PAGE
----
• You want to see some “parade floats”, google photos of pretty much any right wing rally. The southern states are the fattest states in the country.

  • Those two girls in the picture look like They’ve never turned down a meal, Celeste?
    They’re so fat, they have there own area code.

  • The industry that convinced those girls that there is nothing wrong with eating fattening food, and that it even makes them great Americans for doing so, is not an industry I’ve seen Celeste shill for in any way. I haven’t heard Celeste’s views on America’s obesity epidemic, but I’m going to guess that considering the rest of her politics that she believes in government regulating what kind of food is served to children in schools, taking some role in informing citizens of the nutritional value of fattening food that commercials are bombarding them with images of, and encouraging people to eat healthy and exercise through ad campaigns of their own. I think government should give tax breaks to food manufacturers and restaurants based upon how much healthy food they sale. In California, it’s not that bad of a problem yet because people are more health cautious here. But in the southern states it’s a real epidemic, and it’s one of the things driving up health care costs for the entire country.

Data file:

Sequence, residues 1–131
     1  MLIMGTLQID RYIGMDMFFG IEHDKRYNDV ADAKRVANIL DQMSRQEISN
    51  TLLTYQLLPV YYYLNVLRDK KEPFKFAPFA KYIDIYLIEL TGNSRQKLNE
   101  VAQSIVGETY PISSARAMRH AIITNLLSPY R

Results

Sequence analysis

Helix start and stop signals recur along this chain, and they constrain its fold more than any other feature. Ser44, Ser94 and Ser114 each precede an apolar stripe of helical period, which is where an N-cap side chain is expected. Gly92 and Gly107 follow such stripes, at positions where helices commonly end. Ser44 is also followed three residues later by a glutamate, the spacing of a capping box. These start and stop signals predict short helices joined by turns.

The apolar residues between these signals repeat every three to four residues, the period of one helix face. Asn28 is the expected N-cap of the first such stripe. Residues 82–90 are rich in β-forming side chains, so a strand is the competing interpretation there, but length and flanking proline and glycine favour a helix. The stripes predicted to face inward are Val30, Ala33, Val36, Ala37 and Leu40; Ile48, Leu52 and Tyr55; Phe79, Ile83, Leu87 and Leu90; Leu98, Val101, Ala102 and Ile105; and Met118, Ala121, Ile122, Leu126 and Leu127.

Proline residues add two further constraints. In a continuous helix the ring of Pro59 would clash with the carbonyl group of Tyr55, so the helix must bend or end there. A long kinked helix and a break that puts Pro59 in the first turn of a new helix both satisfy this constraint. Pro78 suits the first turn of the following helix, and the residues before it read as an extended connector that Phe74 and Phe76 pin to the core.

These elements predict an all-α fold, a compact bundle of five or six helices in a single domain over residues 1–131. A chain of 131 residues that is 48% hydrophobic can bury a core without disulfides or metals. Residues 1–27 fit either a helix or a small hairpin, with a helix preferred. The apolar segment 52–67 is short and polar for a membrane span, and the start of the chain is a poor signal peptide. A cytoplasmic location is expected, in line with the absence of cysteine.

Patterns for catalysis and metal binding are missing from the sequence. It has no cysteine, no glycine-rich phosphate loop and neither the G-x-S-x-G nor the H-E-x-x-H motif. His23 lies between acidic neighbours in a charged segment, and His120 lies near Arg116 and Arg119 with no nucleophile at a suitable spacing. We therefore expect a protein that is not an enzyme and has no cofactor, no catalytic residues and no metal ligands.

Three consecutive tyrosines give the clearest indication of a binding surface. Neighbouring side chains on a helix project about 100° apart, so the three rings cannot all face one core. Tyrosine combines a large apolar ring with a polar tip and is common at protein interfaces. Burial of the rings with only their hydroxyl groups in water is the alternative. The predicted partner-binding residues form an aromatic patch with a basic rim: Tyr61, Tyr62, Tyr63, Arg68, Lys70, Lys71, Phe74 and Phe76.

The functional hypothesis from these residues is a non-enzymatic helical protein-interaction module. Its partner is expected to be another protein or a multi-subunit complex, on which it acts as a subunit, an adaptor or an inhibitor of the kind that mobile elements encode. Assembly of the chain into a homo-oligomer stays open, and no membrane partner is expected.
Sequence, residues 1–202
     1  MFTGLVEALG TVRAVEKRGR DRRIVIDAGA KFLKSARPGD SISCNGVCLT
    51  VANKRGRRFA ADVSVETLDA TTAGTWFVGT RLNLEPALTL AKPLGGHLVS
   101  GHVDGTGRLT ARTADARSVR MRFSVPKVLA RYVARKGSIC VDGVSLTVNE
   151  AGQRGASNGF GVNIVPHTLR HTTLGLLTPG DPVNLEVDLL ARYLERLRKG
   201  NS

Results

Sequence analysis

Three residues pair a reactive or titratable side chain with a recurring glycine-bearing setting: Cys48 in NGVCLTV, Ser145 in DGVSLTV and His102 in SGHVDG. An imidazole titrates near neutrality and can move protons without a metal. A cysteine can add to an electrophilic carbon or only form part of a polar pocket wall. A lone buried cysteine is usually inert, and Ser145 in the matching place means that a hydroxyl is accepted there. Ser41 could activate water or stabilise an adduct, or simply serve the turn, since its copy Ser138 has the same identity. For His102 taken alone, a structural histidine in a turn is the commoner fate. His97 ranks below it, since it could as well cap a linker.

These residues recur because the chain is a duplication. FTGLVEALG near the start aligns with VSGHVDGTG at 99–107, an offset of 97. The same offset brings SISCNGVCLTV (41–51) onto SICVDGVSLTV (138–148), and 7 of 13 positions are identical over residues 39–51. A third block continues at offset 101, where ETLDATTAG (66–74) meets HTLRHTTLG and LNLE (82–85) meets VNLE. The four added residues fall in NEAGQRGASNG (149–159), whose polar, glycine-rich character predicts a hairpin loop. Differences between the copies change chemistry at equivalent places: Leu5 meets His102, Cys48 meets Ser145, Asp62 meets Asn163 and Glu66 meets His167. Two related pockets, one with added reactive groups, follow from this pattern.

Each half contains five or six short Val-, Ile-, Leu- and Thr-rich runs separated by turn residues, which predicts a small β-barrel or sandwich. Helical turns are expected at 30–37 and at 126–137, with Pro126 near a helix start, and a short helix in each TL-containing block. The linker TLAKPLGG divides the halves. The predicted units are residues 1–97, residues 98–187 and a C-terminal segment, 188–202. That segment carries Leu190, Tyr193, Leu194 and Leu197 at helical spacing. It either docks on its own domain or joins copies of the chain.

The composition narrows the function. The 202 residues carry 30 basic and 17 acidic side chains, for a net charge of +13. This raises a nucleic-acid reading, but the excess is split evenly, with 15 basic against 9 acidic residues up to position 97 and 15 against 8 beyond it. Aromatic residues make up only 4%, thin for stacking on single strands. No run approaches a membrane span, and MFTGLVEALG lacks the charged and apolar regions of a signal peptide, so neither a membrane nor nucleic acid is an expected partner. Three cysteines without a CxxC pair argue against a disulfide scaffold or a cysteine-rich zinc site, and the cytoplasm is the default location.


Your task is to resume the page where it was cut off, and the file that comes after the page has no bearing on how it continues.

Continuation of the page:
• RT might be spot on about the South, but it’s just more of a culture that needs modified. Had an aunt, skinny as a rail, grew up in OK. Ate fried catfish and hush puppies at least once a wk. black eyed peas w/ the hog maw. Went out to CA to see friends and got hit by a bus!

  • That’s funny, when I used to go to the store with my mom as a kid and try to throw junk food into the basket, she’d put it back on the shelf and tell me how it’s bad for me. I would tell her exactly what you just said, GJ, that I could just get hit by a bus and go out that way, so it doesn’t matter. That’s the logic I had when I was 10. Of course, as an adult, I’ve realized that becoming diabetic, which would raise my health care costs and, to some extent, yours too, is much more likely than that bus collision. That’s the type of information that our good ol friends down south, and, yes, those two girls in the picture, need to get, to contrast the message they’re getting from commercials now, which is, “eat, it’s ok, it’s your life, you can do whatever you want!”.

  • “eat, it’s ok, it’s your life, you can do whatever you want!”.

    Therein lies the triglyceride. The big corps pay the bills for these politicians who are trying to justify “smart eating” vs. their place in the food chain (pun). Yes Universal Health Care is viable and more possible now than its ever been BUT the law dogs are gittin in the field of fire. Maybe it’s time to call Dick Cheney out for one last gasp. He’s been known to fire right through folks.